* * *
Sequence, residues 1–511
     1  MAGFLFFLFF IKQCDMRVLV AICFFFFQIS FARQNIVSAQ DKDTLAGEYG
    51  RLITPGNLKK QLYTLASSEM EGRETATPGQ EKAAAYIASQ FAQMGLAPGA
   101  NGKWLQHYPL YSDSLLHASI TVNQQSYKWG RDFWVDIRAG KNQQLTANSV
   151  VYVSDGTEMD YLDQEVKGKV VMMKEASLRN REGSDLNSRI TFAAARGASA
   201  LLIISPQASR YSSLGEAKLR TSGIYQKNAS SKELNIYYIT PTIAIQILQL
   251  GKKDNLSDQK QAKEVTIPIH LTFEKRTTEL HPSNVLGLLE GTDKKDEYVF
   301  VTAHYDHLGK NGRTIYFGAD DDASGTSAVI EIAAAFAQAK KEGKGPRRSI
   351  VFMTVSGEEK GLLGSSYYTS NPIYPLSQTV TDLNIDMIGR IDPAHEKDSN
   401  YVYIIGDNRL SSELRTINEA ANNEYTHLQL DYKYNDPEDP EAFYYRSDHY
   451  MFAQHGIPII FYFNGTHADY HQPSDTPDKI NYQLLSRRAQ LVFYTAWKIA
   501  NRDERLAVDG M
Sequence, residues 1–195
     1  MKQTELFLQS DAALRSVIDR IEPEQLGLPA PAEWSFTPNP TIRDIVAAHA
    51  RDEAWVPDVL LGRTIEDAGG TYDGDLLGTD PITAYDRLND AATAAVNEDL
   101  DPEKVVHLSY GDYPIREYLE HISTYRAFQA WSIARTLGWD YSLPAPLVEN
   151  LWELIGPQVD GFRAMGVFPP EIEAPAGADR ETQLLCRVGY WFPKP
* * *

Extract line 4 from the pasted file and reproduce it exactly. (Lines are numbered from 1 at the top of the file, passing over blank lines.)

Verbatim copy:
   101  NGKWLQHYPL YSDSLLHASI TVNQQSYKWG RDFWVDIRAG KNQQLTANSV